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Applicant guide to providing suitable environmental exposure assessments for plant protection products

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The data provided by applicants must permit an assessment to be made of the fate and behaviour of the pesticide in the environment according to Regulation No. 1107/2009.

This information is subsequently used to assess the risk to non-target species (soil or aquatic organisms, plants etc.) that will be exposed to the pesticide formulation, its active substance(s), and the degradation products of the active substance(s). The information provided should be sufficient to:

It is the applicant's responsibility to ensure that all aspects of the product data requirements are addressed and that any risks are demonstrated to be acceptable in an appropriate way for the UK, as defined by Regulation No. 1107/2009.

Examples of changes that may affect the environmental exposure assessment:

Which end points should I use?

When compiling risk assessments for a product authorisation submission, you should use the end-points agreed at EU level (published in the current Review Report or EFSA conclusion for that active substance). However you will need to consider whether the end-points identified during the active substance approval process are appropriate to the products to be authorised.

Applicants may have information/data available that would support amore favourable end-point to that agreed in the EU. Where the assessment was acceptable using EU agreed end-points, there would be no need to consider the new end-point with the authorisation application.

There may be circumstances where a risk assessment conducted using EU agreed end points results in an unacceptable use. In these cases it would be appropriate for applicants to seek to amend an agreed end-point to allow consideration of the use.  However Applicants must demonstrate that the use of additional data is justified by providing a standard assessment using Annex I agreed endpoints.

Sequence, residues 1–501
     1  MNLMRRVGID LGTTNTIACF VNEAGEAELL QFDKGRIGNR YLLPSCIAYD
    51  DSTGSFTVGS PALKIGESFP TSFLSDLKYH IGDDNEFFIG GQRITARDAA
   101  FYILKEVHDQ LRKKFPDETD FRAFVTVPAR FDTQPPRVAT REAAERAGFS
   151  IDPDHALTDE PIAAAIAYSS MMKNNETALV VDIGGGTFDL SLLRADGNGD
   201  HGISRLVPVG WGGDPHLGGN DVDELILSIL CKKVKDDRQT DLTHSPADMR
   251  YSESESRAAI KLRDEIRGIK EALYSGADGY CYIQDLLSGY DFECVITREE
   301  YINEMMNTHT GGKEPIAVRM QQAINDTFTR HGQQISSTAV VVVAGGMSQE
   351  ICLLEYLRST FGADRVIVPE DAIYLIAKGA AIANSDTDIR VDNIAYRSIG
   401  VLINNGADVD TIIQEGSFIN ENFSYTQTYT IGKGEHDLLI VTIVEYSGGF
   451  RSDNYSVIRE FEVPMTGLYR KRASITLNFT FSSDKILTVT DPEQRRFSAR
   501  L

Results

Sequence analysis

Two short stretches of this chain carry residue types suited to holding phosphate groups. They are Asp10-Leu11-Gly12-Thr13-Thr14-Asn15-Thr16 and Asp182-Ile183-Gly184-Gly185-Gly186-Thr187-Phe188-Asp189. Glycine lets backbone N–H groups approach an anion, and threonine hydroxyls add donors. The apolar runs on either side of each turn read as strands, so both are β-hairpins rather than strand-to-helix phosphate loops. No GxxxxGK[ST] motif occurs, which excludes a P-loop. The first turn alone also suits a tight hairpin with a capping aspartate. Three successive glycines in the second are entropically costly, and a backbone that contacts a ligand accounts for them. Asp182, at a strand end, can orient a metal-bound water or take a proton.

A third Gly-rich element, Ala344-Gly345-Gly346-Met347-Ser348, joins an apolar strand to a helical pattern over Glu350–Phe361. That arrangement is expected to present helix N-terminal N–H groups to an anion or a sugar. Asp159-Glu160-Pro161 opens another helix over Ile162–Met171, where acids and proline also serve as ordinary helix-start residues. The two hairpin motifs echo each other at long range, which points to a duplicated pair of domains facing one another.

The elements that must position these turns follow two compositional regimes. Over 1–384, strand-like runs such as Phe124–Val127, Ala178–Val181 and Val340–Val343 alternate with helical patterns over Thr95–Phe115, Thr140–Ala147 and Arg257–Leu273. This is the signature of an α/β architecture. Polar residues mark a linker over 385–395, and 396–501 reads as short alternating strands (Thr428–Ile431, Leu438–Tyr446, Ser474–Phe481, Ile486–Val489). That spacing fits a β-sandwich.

What guidance should I use?

Where an applicant is required to submit data to support new uses or significant changes to their product that affect the likely environmental exposure, then the data should be assessed in accordance with the latest guidance available at the time the application is made, in line with Art 36 (1) of Regulation No. 1107/2009.  This includes use of the latest versions of the environmental exposure models.  Where an applicant is not required to submit new data the latest guidance (and models) does not need to be applied as no new risk assessment is being undertaken.  Similarly where the risk envelope approach is used the latest guidance does not need to be applied as no new risk assessment is being undertaken.

In addition to the above guidance you should refer to Summary of New Guidance for details of when more up-to-date assessment methodologies should be used.

'Risk Envelope':

The risk envelope approach makes use of the idea that within a group of products and uses, there will be certain uses which represent the worst-case situation in each environmental compartment.

The proposed GAP of a product can be compared against the use patterns of existing authorised products, or the representative use of the most recent Community level assessment.

If the evaluation of an authorised product is considered to provide a more worst-case environmental exposure, then it can be said that the new product is within the 'risk envelope'. In other words, the previous evaluation is considered sufficient to demonstrate that the proposed uses for the new submission are without unacceptable risk. 

To compare products, the critical use pattern(s) of each should be identified.

Risk envelopes are assessed for each compartment (PECsoil, PECgw, PECsw, PECair) independently. Therefore you may find one product provides a risk envelope for PECsoil, and a different product provides a risk envelope for PECgw.

Guidance on the selection and suitability of risk envelopes can be found at Risk envelope suitability

Authorisation of Products with Multiple Crops/Uses